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Fintan O’Toole: Voters can get Trump out of office and our heads

The president’s success in forcing himself into our thoughts will be his downfall

Caitlin Moran put it perfectly on Saturday night. Interviewed by Róisín Ingle for the Irish Times's Big Night In, she invited us to "Imagine what it would be like just to have [Donald] Trump erased from our minds." The necessary leap of the imagination is prodigious. Trump's genius, and his toxicity, lie in his uncanny ability to annex our minds, even – perhaps especially – if we despise him.

They say in the US that a particularly bumptious person “sucks the air out of the room”. Trump sure does that but also much, much more. He invades the inner rooms, occupies the remote cloisters of our interior selves. There is a corner of the field of consciousness that is forever Trump. Today’s US election is not happening only on the world stage. It feels, also, like an event in our synapses, at least as neurological and it is psephological.

Last month, the American Psychological Association released a survey that showed two-thirds of Americans reporting that the election is "a significant source of stress in their life". The APA felt obliged to offer advice: "Realise that we might not know who won the election on Election Day. If you think this will raise your anxiety, keep busy… so that you aren't continually checking for what could be viewed as 'bad' news."

Trump, though, is as yet a weak authoritarian. He would love to be, like his exemplar Vladimir Putin, president-for-life of a mafia state

When election day is a clinical, as well as a political, disturbance, it marks how far gone the US is on the road to autocracy. One of the great differences between democratic and authoritarian regimes is that, in the former, politics is a public, civic sphere. Its tracks run on lines parallel to personal life. It wants us to think public thoughts but is content to leave our private ones unmolested.

Authoritarian systems, on the other hand, can’t bear to grant us this inner space. They fear what, in the Newspeak of George Orwell’s 1984, is called “ownlife”. This distrust of interior freedom is not specific to governmental regimes – religious ones invented it. Those of us who grew up in Catholic Ireland can remember how successfully it deployed its thought police inside our minds: the insistent voice of shame.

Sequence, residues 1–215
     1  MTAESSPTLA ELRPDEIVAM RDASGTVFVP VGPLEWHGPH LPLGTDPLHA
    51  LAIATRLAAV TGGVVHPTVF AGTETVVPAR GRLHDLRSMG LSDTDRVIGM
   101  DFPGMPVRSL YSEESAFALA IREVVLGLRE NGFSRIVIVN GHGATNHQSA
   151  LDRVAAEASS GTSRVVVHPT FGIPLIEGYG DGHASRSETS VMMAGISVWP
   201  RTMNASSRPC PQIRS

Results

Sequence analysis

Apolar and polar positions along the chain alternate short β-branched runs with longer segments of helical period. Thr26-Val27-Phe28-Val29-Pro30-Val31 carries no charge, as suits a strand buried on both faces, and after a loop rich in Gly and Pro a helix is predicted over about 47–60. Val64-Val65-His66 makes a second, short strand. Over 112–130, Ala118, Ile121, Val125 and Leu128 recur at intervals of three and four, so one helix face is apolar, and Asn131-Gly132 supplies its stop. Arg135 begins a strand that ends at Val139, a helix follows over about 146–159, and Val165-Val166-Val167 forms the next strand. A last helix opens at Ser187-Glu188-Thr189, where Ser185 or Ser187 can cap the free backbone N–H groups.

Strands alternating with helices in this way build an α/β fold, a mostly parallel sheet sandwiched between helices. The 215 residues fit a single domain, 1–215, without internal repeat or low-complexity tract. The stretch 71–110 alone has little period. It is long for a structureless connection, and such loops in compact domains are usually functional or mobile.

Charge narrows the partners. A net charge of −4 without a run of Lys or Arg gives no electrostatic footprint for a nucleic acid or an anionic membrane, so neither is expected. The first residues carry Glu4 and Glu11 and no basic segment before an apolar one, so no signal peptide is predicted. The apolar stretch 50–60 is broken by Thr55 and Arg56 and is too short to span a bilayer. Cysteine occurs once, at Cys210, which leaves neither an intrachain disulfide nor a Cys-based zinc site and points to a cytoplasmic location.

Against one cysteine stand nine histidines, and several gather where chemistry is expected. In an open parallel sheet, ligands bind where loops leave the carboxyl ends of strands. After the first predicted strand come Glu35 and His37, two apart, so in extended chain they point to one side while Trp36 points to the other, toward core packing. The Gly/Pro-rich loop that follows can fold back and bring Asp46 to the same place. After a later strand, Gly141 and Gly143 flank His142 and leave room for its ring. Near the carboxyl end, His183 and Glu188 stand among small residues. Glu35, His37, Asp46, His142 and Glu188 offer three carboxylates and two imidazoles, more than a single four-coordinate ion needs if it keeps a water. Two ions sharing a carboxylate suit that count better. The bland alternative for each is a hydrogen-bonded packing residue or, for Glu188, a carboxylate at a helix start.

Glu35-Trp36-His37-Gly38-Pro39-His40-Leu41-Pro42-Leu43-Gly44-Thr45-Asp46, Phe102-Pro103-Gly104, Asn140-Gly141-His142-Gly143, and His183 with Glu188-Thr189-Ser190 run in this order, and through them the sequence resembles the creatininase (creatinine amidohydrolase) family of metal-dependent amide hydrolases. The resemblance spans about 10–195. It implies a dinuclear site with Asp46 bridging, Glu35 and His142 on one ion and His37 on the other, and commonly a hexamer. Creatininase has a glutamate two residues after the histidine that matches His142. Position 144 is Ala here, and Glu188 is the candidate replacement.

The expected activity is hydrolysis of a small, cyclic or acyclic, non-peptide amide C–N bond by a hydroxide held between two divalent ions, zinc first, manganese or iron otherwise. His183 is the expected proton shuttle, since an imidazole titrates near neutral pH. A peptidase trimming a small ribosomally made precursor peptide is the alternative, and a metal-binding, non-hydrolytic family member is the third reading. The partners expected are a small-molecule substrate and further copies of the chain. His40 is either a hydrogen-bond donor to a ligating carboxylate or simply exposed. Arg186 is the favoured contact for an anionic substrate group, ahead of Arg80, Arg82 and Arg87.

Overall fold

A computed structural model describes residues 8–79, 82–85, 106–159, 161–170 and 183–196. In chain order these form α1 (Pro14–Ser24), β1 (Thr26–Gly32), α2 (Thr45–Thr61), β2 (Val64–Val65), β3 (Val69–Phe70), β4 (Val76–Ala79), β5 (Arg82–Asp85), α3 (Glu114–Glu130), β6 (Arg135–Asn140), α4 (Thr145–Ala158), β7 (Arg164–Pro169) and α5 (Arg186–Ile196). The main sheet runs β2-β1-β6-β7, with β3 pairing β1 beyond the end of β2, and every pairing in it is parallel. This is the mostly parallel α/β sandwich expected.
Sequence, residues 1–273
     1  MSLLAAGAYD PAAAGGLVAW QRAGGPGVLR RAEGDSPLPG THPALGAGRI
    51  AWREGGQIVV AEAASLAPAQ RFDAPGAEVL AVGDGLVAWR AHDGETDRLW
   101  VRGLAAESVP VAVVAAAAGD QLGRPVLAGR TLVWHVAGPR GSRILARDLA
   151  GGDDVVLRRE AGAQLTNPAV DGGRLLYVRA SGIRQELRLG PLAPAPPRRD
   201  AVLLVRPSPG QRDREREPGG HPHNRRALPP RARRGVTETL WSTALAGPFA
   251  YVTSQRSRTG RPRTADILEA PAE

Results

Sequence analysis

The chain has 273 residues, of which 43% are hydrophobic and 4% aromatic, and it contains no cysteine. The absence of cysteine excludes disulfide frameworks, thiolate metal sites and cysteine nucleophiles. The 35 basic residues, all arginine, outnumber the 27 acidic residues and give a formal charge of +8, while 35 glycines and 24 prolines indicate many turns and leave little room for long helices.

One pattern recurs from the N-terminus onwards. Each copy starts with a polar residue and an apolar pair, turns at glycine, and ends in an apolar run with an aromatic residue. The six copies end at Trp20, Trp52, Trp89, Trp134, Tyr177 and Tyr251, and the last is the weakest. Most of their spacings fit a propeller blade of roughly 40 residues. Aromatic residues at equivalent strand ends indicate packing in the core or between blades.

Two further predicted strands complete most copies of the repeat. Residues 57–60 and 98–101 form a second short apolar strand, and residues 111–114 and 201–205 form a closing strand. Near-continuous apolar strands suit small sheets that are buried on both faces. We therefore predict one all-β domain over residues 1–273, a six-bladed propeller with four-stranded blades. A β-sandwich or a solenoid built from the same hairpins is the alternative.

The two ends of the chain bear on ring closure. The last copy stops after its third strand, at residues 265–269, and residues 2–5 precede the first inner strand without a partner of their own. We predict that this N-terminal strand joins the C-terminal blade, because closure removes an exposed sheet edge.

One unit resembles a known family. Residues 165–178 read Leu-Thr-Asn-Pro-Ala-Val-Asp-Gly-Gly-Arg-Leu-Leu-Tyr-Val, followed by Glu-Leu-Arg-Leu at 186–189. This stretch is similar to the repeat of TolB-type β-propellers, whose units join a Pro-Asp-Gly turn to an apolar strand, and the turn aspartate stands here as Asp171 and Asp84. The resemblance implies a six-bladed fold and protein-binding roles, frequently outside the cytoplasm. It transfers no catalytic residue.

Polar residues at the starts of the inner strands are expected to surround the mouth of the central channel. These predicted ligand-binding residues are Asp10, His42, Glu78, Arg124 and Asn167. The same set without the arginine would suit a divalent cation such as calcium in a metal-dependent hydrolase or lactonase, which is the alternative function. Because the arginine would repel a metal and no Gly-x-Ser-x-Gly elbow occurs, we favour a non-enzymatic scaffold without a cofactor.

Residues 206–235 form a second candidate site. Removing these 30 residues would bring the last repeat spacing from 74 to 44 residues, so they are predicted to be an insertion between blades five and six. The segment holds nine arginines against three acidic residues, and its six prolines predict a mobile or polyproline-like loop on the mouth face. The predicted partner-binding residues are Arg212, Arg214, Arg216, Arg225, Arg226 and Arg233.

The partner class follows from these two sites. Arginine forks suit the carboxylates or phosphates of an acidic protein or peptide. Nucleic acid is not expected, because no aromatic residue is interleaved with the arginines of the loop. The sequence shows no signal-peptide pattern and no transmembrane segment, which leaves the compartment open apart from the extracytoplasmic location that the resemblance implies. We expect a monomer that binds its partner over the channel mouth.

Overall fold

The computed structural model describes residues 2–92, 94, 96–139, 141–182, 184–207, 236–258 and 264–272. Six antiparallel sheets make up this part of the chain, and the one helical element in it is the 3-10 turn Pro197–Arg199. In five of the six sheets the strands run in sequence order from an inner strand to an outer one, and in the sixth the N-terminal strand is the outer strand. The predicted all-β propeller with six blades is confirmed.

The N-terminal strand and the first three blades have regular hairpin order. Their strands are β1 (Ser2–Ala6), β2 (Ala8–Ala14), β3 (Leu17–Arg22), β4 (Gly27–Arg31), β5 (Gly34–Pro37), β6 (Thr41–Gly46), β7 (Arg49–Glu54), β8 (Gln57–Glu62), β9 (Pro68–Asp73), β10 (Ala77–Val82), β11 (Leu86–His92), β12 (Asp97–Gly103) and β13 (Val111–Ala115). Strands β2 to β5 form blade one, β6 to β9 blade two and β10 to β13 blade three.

Mafia state

Trump, though, is as yet a weak authoritarian. He would love to be, like his exemplar Vladimir Putin, president-for-life of a mafia state. And, given four more years, who knows? But, in reality, he has had to operate in a contested arena, where, despite the best efforts of Rupert Murdoch's Fox News, he cannot create a closed circuit of information and opinion.

This is where Trump’s particular genius comes into play. Fully formed dictatorships gain control of ownlife through fear and propaganda. They use violence to plant terror in the brain and complete domination of media to generate both adoration among their followers and despair in the possibility of an alternative among their would-be opponents.

Trump revels in both of these methods. But he knows he cannot (yet) deploy them to their full effect. His great innovation is his exploitation of the opportunities created by new technology to get inside the heads even of those who abhor him.

Conservative right-wingers often wish that Trump would stay off Twitter but, in this regard at least, he is much smarter than they are. What he grasps, and they don’t, is that social media are designed to permeate the barrier between the outer and the inner worlds.

Trump has almost literally got on the nerves of the majority of Americans. He squats on their brains like a giant, orange toad, belching out indignation

Trump realised that in the always-on, hyperconnected virtual world, there is a third way of infiltrating ownlife. As well as terror and propaganda, there is outrage. To adapt Machiavelli to the social media era: let them hate me, so long as they are retweeting me.

Trump is a media invention, a figment of the tabloids and reality TV, a creature of the world of postmodern celebrity, in which the difference between fame and infamy evaporates. It doesn’t matter whether you’re the hero or the villain – it’s all about the ratings.

Giant, orange toad

In what is still, just about, a democracy, this is the nearest you can get to total domination of ownlife. You dominate 40 per cent through the old-fashioned cult-of-personality methods of fervent devotion and unquestioning loyalty. You dominate the rest through the addictive power of non-stop provocation.

Trump has managed this brilliantly. But it may also be his downfall. The very success of his seizure of intimate interior space has made him, not just a political opponent, but a psychological burden. He has almost literally got on the nerves of the majority of Americans. He squats on their brains like a giant, orange toad, belching out indignation.

And all Joe Biden has been saying, regardless of the outward subject, is: Imagine what it would be like just to have Trump erased from our minds. Big policy questions like healthcare and the environment matter, but even for those who are not engaged with them, there is the powerful attraction of a different kind of brainwashing, a spring-clean for the private rooms of private life.

This is why, if (a big if) the votes are counted fairly, Trump will lose heavily. He inadvertently offers voters a double pleasure – the joy of getting him out of the Oval Office and the sheer relief of getting him out of their heads.

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